The legendary Yukoner received a posthumous tribute that is out of this world.
Skookum Jim, also known as Jim Mason, discovered gold at Bonanza Creek in 1897, leading to the Klondike gold rush. When he died in 1916, he put his fortune into a trust to help improve the lives of the indigenous people of the Yukon.
Last week, on the recommendation of the Yukon Astronomical Society, an asteroid between Mars and Jupiter was named after him.
“I think it’s pretty cool,” said Zina MacLean, Skookum Jim Mason’s older niece who didn’t know her ancestor’s name had been introduced.
“Anything that preserves the Skookum Jim Mason name in Yukon’s public history is important to the rest of his nephews, nephews, and family.”
Skookum Jim Mason was a Tagish of the Duck La Wede clan. The trust he created in his will still exists today, according to the Whitehorse Friendship Center that bears his name. The interest generated from the fund is used to recognize indigenous people who have helped their community.
Maria Benoit, Ha Cha Do Hin, or President of Carcross/Tagish First Nation and former CEO of the Skookum Jim Friendship Center, was very happy to hear the news. Her great-grandfather was Skookum’s nephew Jim Mason.
“Coming from a first nation,” she said, “it’s a history in the making.”
Skookum asteroid Jim
Skookum Jim is a major asteroid in the belt. It orbits with other asteroids between the orbits of Mars and Jupiter.
Christa van Larhoeven, President of Yukon Astronomical Society. “Its orbit is not perfectly circular. It is not what we call eccentric. It is not very non-circular, but only slightly. It is tilted relative to the Earth’s orbit by about 15 degrees.”
As far as van Larhoeven is known, it is the second asteroid whose name is associated with the Yukon.
“The only other asteroid I can find with a Yukon connection is Klondike,” she said, adding that it was named after two brothers who came to the Klondike gold rush, made a fortune and donated money to a university in Finland that built a library.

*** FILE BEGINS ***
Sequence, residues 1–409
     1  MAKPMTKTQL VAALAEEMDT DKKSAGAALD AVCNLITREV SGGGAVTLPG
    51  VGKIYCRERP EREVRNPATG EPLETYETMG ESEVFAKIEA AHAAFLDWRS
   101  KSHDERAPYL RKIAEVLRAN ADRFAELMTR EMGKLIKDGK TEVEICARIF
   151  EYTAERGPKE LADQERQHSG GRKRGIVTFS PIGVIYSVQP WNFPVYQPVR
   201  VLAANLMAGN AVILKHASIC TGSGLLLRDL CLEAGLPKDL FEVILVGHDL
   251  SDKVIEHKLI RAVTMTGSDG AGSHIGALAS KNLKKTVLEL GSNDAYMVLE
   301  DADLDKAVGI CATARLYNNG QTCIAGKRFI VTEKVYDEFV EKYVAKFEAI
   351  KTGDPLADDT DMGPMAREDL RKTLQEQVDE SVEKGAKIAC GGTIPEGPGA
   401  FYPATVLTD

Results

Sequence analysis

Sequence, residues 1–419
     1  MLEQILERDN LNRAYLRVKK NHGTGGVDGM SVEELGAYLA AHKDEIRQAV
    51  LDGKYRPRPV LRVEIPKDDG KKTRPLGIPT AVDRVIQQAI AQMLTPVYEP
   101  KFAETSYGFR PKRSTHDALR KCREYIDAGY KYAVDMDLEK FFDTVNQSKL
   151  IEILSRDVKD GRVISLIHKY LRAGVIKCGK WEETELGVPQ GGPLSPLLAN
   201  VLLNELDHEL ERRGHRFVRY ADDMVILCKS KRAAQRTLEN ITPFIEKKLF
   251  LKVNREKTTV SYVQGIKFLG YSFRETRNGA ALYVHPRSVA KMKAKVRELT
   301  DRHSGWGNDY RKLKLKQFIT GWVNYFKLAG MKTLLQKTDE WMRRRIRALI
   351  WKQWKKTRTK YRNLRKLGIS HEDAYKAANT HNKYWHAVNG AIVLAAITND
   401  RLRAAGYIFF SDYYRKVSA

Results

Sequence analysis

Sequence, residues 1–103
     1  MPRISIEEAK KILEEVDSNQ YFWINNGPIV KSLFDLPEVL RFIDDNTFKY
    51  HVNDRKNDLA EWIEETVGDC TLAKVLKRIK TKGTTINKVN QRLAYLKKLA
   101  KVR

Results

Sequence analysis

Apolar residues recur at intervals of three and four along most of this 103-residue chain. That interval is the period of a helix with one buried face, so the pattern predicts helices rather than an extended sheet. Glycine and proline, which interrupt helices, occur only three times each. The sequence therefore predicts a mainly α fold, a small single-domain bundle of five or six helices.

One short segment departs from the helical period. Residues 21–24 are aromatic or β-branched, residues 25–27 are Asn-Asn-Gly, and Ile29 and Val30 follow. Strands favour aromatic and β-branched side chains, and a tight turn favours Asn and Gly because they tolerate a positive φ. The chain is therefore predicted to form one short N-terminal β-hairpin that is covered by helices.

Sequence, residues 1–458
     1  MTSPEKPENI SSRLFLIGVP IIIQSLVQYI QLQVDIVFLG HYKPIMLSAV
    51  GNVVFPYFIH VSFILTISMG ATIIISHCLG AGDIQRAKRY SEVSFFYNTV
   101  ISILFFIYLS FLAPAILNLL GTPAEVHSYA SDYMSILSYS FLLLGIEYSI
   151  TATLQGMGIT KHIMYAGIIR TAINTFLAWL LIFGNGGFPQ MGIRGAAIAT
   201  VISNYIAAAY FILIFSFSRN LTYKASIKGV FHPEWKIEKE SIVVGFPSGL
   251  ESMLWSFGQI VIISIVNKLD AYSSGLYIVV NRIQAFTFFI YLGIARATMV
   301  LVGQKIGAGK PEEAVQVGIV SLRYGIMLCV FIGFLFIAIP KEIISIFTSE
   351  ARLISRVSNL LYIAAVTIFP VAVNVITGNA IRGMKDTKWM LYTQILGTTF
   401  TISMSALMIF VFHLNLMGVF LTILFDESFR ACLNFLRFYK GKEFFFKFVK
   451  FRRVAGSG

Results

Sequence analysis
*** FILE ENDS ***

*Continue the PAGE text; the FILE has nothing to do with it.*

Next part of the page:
Van Larhoeven said in astonishment about fate that it was the university where the Skookum Jim asteroid was first discovered.
However, if you’re hoping to see the asteroid Skookum Jim, van Larhoeven said you’ll need a telescope.
“Something a little big,” she said, “big enough that it wouldn’t be easy to get it out in your backyard.”
McLean said she hopes that one day science will be able to determine the components of an asteroid.
“Wouldn’t it be cool if it was loaded with gold?” She laughed.
The naming began with an email from the Royal Canadian Astronomical Society to the Yukon Astronomical Society that said they had an opportunity to submit some names to the International Astronomical Union (IAU), which is responsible for naming objects in space.
The way the email was phrased, van Larhoeven said, seemed as if the IAU wanted to honor someone who had served society well.
“We really felt that if we were going to honor Yukoner, we wanted to honor Skookum Jim,” she said.
“We really felt that his presence in Yukon’s history loomed large enough that if we were to get an asteroid named Yukoner, it really should be him.”
9:30research! high in the sky! It’s Skookum Jim’s asteroid
The proposal was put forward in 2018.
The Yukon Astronomical Society was notified of this honor last week, on April 11.
“I am quite surprised that the International Astronomical Union took our proposal,” said van Larhoeven.
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